Housing and homelessness

This budget delivers the Victorian Government’s Rough Sleeping Strategy, announced in January 2018. It also extends housing initiatives for family violence, maintaining commitments arising from the Royal Commission.

While last year’s budget delivered significant housing investment, this is not yet producing growth in social housing. The Budget forecasts a worrying decline of 208 social housing dwellings next financial year, a net reduction of $8.2 million in spending on housing assistance.

While last year’s budget announced $469 million in new capital expenditure projects in public housing, the figure fell to $173 million in this Budget. VCOSS has called on the Victorian Government to deliver a social housing pipeline to provide growth of 30,000 homes over the next decade.

While housing affordability requires a joint state and Australian government effort, VCOSS will be looking for more announcements in the lead-up to the state election in November on social and affordable housing and support for people experiencing homelessness.

This is critical given the significant increase in homelessness and housing stress. The day before the Budget, Anglicare released its Housing Affordability Snapshot Report, showing there were zero affordable rental homes in Victoria for a single person living on Newstart.


Budget initiatives

  • Homelessness and Rough Sleeping Action Plan
    $12.1 million ($26.1m/4 years) towards the Action Plan, including multi-disciplinary homelessness response teams, modular housing, additional accommodation projects and housing head-leasing.


  • National Housing and Homelessness Agreement (NHHA)
    $23.9 million for the first year of the NHHA. Additional funds will need to be allocated once the agreement is signed with the Commonwealth for future financial years.


  • After-hours refuge responses for victims of family violence
    $6.4 million ($27.7m/4 years) to continue funding 12 refuges to operate after-hours crisis accommodation, when women and children fleeing family violence may be most at risk.


    • Central Highlands housing first response pilot

$0.3 million for a feasibility study and business case to develop a Central Highlands Housing First Response Pilot.


  • Wimmera Southern Mallee family violence crisis properties
    $1.3 million for additional family violence crisis properties to improve local access for women facing family violence.


  • High rise fire safety upgrades
    $1.6 million ($22.2m/4 years) for fire safety improvements in inner Melbourne high rise public housing estates.


Future policy directions

  • Embed a ‘housing first’ approach to rough sleeping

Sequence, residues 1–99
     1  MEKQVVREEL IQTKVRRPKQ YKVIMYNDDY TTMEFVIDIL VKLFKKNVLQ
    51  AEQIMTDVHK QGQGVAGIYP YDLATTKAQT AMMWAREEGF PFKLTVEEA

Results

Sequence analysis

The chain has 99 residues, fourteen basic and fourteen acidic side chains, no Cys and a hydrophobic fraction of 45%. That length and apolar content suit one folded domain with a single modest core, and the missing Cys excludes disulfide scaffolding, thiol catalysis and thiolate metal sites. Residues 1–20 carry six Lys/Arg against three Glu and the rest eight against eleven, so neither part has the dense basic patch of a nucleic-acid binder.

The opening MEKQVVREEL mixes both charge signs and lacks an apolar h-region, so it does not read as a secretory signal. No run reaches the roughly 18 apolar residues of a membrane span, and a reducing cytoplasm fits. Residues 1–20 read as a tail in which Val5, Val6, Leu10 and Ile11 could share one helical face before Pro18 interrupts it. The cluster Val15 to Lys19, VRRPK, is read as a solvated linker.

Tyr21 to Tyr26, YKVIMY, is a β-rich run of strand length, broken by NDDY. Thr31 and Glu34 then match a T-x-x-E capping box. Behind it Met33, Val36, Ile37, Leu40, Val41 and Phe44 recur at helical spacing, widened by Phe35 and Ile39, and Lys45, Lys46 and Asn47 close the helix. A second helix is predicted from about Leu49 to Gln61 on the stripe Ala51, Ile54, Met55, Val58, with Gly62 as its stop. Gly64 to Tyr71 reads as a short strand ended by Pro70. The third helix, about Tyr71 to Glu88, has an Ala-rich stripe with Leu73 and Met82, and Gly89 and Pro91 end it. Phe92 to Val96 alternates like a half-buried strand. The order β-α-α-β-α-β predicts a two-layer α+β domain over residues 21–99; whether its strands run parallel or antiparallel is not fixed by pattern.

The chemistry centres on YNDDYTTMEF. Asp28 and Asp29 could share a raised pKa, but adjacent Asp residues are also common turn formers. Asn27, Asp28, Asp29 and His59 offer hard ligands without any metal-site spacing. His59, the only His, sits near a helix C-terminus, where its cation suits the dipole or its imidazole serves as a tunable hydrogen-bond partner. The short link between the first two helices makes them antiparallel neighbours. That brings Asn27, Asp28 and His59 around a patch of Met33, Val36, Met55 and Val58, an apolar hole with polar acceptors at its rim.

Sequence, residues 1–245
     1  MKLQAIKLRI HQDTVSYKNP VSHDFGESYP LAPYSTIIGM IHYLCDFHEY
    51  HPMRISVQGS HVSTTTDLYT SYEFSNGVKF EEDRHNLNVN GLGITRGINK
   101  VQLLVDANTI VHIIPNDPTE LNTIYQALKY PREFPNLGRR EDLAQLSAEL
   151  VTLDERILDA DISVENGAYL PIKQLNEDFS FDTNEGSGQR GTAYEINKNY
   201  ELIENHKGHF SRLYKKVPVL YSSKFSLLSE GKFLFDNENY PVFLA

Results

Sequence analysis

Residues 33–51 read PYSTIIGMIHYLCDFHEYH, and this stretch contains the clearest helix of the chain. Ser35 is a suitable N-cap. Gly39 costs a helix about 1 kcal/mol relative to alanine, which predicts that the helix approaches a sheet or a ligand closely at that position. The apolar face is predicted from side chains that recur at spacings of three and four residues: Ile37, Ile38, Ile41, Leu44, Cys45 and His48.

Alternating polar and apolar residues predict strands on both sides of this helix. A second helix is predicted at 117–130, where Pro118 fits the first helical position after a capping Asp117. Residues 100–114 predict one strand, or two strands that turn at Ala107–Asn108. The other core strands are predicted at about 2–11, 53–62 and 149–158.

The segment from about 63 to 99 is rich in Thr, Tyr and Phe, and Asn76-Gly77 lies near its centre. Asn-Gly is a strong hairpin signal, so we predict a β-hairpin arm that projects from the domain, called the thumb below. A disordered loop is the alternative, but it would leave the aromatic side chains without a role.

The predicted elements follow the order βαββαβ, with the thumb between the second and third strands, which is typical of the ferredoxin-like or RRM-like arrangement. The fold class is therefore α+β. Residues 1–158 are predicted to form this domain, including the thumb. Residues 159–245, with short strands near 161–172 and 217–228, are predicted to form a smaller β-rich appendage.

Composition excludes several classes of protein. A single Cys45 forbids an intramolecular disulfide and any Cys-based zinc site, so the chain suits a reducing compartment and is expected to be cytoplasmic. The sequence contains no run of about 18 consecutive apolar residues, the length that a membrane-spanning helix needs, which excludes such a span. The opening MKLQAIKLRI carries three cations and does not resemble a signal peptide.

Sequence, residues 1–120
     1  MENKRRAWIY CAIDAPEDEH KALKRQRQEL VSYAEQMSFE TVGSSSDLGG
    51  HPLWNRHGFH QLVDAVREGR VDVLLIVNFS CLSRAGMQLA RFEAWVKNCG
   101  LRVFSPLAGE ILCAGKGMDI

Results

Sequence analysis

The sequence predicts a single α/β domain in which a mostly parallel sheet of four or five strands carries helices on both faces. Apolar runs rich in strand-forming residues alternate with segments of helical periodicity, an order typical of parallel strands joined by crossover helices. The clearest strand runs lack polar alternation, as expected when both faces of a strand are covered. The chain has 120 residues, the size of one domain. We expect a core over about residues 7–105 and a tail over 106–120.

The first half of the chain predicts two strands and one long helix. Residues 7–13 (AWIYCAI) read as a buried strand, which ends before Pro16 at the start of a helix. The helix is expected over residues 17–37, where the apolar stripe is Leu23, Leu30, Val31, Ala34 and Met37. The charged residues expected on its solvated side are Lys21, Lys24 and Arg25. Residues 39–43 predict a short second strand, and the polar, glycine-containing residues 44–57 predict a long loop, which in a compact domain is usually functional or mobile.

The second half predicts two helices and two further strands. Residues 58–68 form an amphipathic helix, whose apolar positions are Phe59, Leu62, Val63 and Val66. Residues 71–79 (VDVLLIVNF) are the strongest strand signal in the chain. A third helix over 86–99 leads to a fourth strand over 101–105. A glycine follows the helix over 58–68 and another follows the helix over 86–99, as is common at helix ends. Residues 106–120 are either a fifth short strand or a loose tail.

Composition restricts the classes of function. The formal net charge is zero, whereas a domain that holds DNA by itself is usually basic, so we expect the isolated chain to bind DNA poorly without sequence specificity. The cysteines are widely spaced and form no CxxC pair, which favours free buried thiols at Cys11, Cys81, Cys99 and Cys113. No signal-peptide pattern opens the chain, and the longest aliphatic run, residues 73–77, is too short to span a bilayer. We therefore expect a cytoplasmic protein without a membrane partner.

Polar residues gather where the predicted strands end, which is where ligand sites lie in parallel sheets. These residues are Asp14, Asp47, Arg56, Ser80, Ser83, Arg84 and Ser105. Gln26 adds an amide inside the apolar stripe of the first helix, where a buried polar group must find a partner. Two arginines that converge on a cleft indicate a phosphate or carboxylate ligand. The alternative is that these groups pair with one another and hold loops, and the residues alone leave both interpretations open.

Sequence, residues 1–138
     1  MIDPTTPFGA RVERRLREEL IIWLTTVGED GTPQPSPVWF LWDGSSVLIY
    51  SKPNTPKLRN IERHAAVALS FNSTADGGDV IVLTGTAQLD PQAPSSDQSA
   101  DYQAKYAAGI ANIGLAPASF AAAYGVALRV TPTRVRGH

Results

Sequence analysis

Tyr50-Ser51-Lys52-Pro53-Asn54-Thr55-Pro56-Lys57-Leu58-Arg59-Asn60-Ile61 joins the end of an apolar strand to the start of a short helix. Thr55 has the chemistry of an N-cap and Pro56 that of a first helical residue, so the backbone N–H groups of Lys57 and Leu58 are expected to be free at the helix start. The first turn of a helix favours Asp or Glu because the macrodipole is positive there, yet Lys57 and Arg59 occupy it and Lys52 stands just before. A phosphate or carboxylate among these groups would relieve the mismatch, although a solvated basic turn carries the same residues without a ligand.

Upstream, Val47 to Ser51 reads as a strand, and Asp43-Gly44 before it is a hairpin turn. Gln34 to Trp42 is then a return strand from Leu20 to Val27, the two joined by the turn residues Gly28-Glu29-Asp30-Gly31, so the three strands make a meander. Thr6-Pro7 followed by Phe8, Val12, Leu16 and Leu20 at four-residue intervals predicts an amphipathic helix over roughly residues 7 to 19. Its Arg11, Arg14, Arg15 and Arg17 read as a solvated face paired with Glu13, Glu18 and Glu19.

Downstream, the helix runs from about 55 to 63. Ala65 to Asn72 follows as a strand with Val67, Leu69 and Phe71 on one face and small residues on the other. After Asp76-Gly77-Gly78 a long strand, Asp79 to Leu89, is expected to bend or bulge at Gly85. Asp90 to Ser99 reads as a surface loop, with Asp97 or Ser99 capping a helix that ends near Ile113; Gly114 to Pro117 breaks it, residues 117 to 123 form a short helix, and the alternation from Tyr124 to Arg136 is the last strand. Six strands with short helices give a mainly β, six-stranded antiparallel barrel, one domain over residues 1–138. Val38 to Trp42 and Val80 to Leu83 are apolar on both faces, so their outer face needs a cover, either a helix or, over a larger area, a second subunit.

This Budget provides $26.1 million towards Victoria’s Homelessness and Rough Sleeping Action Plan, launched in January. VCOSS welcomed this plan, especially the introduction of multi-disciplinary teams which could work with people experiencing chronic homelessness to provide an integrated service meeting rough sleepers’ housing, health and wellbeing needs. These initiatives can be expanded in the future.


  • Accelerate social housing growth
    The Victorian Government announced their Homes for Victorians package in March 2017, including $2.1 billion in a capital accumulation fund and social housing finance. These allocations have not yet resulted in significant housing construction, and VCOSS looks forward to more information about their roll-out.
    VCOSS advocates for the Victorian Government to develop a social housing pipeline, capable of producing 30,000 extra homes over the next decade. Housing construction takes a long time to plan, approve and build, and only with a strong pipeline of projects can we build enough homes. This will be easier to achieve if we introduce mandatory inclusionary zoning policies, which require apartment developments to include a minimum proportion of social housing properties.


  • Better protect renters and introduce minimum health, safety and energy efficiency rental standards
    VCOSS wants to see action on private rental housing to strengthen security of tenure and protect tenants’ rights. Minimum health, safety and energy efficiency standards are also needed. The Victorian Government announced significant reforms in November 2017, and we look forward to these being tabled in Parliament before the state election in November.
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